Now, 'Inception' helmet that makes you think fake is real
Researchers have developed an Inception-style helmet that fools the human mind into believing that fake scenes are real. The device fools the wearer into thinking that TV scenes they are being shown are live when in fact they were recorded.
Researchers have developed an Inception-style helmet that fools the human mind into believing that fake scenes are real.
The device fools the wearer into thinking that TV scenes they are being shown are live when in fact they were recorded.
Even after the mechanism of the experiment was explained, some test subjects were not able to distinguish between the two.
The scientists behind the project said that it was effectively the same process as that which takes place in 'Inception,' the high concept thriller from 2010.
In the film Leonardo Di Caprio plays an industrial spy who is hired to plant an idea in the mind of a businessman by one of his rivals.
The central conceit - which is similar to that in the 'Matrix' series - is that in a powerful dream state we are unable to tell what is real and what isn't.
In 'Inception' the main characters are dreaming within their dreams, giving more complexity to the labyrinthine plot.
The test involved a system known as Substitutional Reality (SR) which has been developed at the RIKEN Brain Science Institute's Laboratory for Adaptive Intelligence in Japan.
Lead researcher Keisuke Suzuki said that it could be a "powerful tool to investigate how our conscious experiences are constituted in daily natural scenes."
"In a dream, we naturally accept what is happening and hardly doubt its reality, however unrealistic it may seem on reflection," the Daily Mail quoted him as telling the Guardian.
"Our motivation is to explore the cognitive mechanisms underlying our strong conviction in reality.
"How can people trust what they perceive? Answering these questions requires an experimental platform which can present scenes that participants believe are completely real, but where we are still able to manipulate the contents," he added.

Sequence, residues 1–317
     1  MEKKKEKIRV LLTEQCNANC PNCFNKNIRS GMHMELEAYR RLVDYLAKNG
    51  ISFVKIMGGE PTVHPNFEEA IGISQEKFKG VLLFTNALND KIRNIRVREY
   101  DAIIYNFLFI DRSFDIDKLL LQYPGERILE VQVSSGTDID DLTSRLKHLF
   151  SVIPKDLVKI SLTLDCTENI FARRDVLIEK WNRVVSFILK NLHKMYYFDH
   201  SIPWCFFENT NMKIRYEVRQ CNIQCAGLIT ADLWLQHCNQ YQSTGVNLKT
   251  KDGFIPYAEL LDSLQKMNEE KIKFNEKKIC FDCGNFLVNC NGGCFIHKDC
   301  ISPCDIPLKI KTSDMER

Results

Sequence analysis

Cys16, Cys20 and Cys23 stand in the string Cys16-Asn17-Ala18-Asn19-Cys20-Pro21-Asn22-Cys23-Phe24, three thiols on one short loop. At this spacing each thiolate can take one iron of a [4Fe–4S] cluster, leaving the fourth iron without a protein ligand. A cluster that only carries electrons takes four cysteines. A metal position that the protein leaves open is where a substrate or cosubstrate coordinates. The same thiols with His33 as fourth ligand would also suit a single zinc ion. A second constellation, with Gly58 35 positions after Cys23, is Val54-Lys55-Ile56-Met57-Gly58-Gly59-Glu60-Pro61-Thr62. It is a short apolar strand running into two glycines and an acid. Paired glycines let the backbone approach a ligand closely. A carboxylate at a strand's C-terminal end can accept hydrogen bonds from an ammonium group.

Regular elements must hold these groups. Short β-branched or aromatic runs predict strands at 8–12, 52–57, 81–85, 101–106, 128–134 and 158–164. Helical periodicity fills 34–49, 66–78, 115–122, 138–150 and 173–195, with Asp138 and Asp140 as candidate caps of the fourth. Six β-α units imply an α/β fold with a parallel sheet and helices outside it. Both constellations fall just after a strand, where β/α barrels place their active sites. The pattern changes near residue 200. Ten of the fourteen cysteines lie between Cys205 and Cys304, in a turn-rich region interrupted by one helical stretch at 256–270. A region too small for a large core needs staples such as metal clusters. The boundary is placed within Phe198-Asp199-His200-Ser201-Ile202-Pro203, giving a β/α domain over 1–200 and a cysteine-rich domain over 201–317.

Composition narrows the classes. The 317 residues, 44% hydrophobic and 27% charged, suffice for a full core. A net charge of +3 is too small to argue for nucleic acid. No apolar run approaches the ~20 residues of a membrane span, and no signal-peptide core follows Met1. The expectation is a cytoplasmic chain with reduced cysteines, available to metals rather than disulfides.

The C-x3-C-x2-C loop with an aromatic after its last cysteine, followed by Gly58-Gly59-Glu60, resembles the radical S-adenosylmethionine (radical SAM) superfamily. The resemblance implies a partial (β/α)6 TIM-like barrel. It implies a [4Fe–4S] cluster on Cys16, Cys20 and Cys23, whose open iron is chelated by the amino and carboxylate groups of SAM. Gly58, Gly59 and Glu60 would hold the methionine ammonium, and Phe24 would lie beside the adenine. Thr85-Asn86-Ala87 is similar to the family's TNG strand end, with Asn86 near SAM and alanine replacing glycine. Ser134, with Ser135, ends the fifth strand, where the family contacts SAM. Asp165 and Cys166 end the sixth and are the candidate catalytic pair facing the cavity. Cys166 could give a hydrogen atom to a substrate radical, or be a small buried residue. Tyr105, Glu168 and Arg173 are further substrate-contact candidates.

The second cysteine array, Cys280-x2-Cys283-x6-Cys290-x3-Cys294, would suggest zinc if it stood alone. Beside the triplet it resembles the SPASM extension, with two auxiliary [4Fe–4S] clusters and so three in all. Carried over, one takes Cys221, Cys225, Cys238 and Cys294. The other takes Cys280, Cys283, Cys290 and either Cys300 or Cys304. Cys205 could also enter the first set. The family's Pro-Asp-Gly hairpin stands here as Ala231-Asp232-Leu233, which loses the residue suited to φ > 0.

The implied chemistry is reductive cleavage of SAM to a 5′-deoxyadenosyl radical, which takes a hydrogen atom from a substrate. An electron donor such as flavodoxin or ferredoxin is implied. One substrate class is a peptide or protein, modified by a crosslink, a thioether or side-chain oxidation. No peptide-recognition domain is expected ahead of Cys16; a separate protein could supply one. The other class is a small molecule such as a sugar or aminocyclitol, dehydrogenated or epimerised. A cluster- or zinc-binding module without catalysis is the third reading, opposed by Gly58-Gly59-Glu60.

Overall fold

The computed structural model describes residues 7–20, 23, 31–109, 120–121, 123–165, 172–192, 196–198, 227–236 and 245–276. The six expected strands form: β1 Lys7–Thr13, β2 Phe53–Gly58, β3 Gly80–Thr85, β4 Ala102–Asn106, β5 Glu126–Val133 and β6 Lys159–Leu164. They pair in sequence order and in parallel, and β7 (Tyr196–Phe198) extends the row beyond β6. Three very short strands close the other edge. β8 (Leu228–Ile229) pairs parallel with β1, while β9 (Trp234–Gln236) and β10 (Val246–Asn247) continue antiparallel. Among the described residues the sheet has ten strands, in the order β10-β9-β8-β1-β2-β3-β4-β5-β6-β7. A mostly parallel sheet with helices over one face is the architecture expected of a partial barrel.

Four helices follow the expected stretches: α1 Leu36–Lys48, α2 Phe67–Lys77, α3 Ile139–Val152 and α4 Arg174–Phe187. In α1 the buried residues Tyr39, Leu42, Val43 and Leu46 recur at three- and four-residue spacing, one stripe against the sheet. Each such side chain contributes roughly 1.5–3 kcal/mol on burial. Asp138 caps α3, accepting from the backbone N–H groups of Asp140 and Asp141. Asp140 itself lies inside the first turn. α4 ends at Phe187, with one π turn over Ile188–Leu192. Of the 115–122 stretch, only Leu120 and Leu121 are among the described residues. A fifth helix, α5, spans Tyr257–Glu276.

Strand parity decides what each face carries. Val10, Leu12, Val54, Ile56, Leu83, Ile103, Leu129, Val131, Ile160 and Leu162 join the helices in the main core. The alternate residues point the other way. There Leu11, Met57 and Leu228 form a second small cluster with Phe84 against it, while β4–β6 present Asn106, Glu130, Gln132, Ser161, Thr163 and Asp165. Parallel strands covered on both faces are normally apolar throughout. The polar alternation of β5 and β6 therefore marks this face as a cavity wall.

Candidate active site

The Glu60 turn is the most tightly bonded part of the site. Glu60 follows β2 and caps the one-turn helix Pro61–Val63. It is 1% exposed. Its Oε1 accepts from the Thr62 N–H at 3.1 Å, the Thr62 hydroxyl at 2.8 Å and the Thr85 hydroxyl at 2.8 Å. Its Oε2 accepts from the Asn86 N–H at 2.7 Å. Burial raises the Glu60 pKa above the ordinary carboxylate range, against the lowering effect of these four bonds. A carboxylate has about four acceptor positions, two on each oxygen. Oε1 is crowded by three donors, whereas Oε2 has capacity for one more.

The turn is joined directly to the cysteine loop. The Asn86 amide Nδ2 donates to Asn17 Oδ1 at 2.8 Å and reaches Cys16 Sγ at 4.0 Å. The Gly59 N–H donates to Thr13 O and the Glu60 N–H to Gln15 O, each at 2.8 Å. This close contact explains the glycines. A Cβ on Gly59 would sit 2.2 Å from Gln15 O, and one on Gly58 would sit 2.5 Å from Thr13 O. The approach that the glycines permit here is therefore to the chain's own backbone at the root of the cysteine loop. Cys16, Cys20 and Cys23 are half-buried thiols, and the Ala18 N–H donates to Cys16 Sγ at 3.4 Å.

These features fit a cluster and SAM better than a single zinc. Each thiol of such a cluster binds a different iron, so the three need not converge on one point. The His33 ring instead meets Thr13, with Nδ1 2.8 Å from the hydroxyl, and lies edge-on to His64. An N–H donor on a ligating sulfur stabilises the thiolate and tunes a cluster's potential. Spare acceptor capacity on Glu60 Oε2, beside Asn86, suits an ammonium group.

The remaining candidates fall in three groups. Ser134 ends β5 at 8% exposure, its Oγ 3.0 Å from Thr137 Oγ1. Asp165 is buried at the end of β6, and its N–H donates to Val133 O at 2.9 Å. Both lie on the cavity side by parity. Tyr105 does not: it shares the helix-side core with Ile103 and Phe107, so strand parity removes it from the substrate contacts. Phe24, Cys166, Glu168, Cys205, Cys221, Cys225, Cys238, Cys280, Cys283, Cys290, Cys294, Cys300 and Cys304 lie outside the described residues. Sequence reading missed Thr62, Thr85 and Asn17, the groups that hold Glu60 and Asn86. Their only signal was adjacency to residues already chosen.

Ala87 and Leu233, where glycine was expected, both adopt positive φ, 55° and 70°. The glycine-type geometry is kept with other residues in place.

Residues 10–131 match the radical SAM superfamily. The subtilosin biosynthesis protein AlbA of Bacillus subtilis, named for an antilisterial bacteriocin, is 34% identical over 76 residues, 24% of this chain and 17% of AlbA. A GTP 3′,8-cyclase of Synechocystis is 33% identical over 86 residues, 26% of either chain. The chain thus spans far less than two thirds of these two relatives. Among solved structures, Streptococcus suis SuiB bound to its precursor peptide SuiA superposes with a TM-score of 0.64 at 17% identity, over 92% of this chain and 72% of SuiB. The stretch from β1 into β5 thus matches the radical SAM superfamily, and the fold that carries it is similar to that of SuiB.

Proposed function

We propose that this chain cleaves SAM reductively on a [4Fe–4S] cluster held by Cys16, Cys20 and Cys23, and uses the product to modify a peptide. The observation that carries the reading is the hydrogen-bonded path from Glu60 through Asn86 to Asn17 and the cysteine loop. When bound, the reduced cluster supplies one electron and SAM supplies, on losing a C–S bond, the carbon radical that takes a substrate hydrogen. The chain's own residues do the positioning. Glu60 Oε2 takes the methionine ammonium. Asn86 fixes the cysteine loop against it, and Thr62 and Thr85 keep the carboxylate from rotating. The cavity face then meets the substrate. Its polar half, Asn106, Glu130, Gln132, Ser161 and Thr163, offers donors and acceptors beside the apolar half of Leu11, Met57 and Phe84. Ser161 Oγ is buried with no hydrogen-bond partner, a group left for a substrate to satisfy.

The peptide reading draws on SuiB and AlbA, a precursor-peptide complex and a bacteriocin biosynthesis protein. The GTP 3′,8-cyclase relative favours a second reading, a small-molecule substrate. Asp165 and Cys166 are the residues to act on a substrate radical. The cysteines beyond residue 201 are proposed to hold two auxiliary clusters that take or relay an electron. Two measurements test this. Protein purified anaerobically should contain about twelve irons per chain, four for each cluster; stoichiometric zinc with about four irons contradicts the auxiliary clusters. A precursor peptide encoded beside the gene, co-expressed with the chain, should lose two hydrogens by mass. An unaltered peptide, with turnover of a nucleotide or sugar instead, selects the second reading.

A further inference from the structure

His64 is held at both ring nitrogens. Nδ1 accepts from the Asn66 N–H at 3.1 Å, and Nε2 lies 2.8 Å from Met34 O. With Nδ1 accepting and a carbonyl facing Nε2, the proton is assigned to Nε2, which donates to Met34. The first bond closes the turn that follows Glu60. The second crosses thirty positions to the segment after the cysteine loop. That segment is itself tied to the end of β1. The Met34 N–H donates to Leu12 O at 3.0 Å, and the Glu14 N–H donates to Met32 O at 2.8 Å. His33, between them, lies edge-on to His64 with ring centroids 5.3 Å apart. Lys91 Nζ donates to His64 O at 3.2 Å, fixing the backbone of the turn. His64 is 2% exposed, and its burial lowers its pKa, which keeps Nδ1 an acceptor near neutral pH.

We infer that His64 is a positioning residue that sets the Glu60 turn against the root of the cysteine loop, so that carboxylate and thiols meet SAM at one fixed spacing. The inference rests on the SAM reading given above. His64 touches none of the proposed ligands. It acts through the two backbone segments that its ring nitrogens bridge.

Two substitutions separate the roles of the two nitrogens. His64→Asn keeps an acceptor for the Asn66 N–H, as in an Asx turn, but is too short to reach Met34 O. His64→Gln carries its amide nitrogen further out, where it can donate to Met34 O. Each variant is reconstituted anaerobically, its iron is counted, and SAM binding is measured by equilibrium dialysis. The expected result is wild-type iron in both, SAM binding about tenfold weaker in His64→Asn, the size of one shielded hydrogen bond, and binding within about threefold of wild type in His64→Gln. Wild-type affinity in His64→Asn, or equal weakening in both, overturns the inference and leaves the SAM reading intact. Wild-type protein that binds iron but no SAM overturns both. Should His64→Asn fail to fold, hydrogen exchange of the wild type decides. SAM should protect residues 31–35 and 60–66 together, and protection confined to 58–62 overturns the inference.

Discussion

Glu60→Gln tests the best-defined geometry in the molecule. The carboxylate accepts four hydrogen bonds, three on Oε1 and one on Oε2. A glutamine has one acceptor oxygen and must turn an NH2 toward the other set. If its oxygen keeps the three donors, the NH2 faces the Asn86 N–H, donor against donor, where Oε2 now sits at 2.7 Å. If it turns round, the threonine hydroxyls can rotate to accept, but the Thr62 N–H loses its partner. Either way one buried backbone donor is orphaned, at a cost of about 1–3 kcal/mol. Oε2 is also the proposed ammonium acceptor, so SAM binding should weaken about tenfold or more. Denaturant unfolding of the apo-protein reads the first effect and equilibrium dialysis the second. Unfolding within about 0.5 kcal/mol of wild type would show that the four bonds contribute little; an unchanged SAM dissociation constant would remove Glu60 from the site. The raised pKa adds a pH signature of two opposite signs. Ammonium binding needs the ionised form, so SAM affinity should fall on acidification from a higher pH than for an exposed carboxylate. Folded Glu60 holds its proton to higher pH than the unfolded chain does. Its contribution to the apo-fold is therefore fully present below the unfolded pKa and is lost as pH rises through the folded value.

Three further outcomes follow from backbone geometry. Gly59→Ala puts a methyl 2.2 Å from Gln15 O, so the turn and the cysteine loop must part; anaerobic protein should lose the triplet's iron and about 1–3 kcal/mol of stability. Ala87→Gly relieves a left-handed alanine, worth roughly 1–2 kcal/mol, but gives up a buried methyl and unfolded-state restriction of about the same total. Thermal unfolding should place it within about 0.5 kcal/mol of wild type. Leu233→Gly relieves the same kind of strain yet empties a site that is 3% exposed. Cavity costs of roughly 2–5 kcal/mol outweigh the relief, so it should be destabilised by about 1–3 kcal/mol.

In the simple but effective experiment, test subjects were filmed entering a room and being told what to do by the researchers.
They were then sat in a chair and the helmet put on their heads, inside which was a monitor which showed them a series of scenes, some of which were live and some of which were recorded.
The first one was "fake live," which was actually a recording of a researcher at the door of the test room asking if the subject felt OK.
Then there was a "doppelganger" scene where the subject saw the recording of themselves entering the room.
Thirdly, they saw a second "fake live scene" in which the researcher comes back into the room and explains how it all works.
The fourth and final scenes was live and featured the researcher coming back in and saying everything else until that point had been a recording.
In most cases the doppelganger scene caught the attention of the test subjects and they realised it was a recording.
However, some were not able to distinguish between live and recorded even after the entire experiment was explained to them.
This meant they took the fake live scenes to be real - and were unable to tell them from reality.
The results also showed that if the test subjects moved their heads then it made it more likely they would experience this Inception style effect.
Professor Suzuki said that the tests could help understand psychiatric patients who have delusions, as they can see more than one reality at the same time.